The organ preservation solution used today is called MHP-2. The original MHP solution is a modification of RPS-2 (an organ preservation solution for hypothermic kidney preservation created by Greg Fahy at the American Red Cross) and stands for Mannitol-Hepes-Perfusate. It is designed as a so called “intracellular” organ transplant solution. In order to reduce passive ion exchange as a result of hypothermia-induced cell membrane pump inhibition, its composition more closely resembles the composition of the solution inside the cell rather than the interstitial fluid or blood plasma. MHP also contains molecules to provide oncotic support, prevent acidosis, and reduce free radical damage. In a series of groundbreaking experiments by Jerry Leaf and Michael Darwin, MHP was successful in resuscitating dogs from up to 5 hours of asanguineous ultraprofound hypothermia. MHP-2 is a modification of MHP that is believed to produce superior results.

A number of arguments have been put forward why remote blood substitution with MHP-2 is not successful in securing viability of the brain during transport, and may even produce adverse effects. The most obvious reason is that MHP has been validated for up to 5 hours of ultraprofound hypothermia, which is not the typical transport time of a cryonics patient. A related problem is that MHP has not been validated in a model that reflects the typical cryonics patient who experiences variable periods of hypoperfusion and warm ischemia prior to and after cardiac arrest. And, unlike the canine asanguineous ultraprofound hypothermia experiments, in cryonics MHP is used as static cold preservation solution instead of being continuously perfused at low flow rates. Although MHP can reportedly recover dogs from up to 3 hours of asanguineous circulatory arrest (clinical death), such a protocol further reduces the time that viability of the brain can be maintained during transport.

Although the MHP patent and the notebooks from the original washout experiments are clear that MHP should be prepared as a hyper-osmolar perfusate (~ 400 mOsm), it has been established that in recent years many batches of MHP have not been mixed with hyper-osmolality as an endpoint, due to a lack of osmometry quality controls. The exact effects of this are unknown but have been hypothesized to explain why recent remote blood washout has produced worse results than in the past, possibly by aggravating, or in the case of a hypo-osmolar perfusate, producing edema. This problem, and the confusion about the exact composition of MHP-2, is briefly discussed in the Suspended Animation case report of Cryonics Institute patient CI-81.

Field vitrification is not the only solution to the limitations of remote blood washout and transport on water ice. Another solution would be to improve the composition of hypothermic organ preservation solutions and perfusion protocols to secure extended periods of cerebral viability during transport. Instead of substituting the patient’s blood with an organ preservation solution, after which the patient is shipped on water ice, the organ preservation solution can be continuously (or intermittently) perfused at low flow rates, similar to machine perfusion in conventional organ preservation, while the patient is being driven in a rescue vehicle to a cryonics facility. This has a number of advantages, including the possibility to sustain aerobic metabolism, improve microcirculation and administer cytoprotective agents.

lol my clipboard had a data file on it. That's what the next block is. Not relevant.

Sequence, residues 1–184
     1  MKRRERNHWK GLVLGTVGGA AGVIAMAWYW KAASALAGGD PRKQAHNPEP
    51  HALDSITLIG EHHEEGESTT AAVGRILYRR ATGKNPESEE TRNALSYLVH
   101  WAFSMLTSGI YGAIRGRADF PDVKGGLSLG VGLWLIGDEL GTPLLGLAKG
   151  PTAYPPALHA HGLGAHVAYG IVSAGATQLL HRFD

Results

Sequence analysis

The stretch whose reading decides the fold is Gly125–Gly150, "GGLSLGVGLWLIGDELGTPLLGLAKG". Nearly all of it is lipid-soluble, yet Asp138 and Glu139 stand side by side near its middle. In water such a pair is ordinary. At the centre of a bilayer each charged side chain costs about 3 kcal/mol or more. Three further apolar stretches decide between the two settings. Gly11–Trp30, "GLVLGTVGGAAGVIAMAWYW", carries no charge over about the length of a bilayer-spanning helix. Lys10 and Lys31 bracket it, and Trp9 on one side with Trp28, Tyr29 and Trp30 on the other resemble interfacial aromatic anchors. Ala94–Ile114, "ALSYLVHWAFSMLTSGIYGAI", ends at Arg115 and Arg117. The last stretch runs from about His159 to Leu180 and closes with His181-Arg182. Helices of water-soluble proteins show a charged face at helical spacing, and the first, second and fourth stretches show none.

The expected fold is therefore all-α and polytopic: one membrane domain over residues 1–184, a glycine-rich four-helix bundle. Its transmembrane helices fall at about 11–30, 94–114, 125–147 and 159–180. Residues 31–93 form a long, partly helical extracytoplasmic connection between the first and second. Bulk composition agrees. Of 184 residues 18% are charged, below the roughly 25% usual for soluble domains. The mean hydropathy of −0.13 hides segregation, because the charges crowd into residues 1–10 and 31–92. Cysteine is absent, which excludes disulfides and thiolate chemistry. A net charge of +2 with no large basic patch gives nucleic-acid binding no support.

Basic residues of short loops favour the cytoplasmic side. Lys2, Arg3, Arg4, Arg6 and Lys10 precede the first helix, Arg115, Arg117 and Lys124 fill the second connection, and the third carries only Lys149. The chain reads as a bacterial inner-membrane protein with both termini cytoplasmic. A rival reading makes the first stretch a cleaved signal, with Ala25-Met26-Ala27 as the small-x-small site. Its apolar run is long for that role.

Although cerebral viability of the brain may be extended by improved organ preservation solutions, there seems to be a fundamental limit to shipping patients in hypothermic circulatory arrest because the remaining energy demands of the brain will need to be satisfied by oxidative phosphorylation (or other energy substrates) at some point. Although it is not known how far these limits can be pushed by static use of organ preservation solutions, it is likely that a protocol of continued hypothermic perfusion of remote cryonics patients will exceed these limits. Like field vitrification, such a protocol will present non-trivial technical and logistical challenges.

This still leaves the question of whether remote blood washout can aggravate injury in ischemic patients unanswered. Since the original canine experiments investigated MHP in healthy animals we do not know if some patients would be better off without a blood washout. Dr. Southard, one of the inventors of Viaspan (also called the University of Wisconsin solution in the scientific literature), discussed similar concerns in a recent interview:

“In clinical organ preservation/transplantation, there are many unexplained incidents of reperfusion injury. This is characterized by delayed graft function in the liver and kidney. We do not see this in our animal models. Thus, there are some differences between how experimental animals and human donor organs respond to organ preservation. The difference may be related to the fact that the UW solution was developed to preserve the “ideal organ.” This is one taken from a relatively young and healthy lab animal donor and transplanted into a healthy recipient. In the clinics, the donors are usually brain-dead (brain trauma), remain in the ICU for periods up to a day or more, are treated for hypotension, and come from an uncontrolled group of donors. Therefore, we are now studying how UW solution preserves organs from the “less-than-ideal” donor. We are simulating the clinical condition by inducing warm ischemia or brain death in experimental animals to determine if UW solution is suitable for these types of organs. If not, we will develop an ideal method to preserve these less-than-ideal donor organs.” (quoted on the old Viaspan website).

Similarly, organ preservation solutions used in cryonics need to be investigated in models that better reflect the typical pre-mortem pathophysiology and post-mortem procedures encountered in cryonics. Developing stabilization technologies and procedures for “less than ideal patients” is an important element in an approach known as “Evidence Based Cryonics.”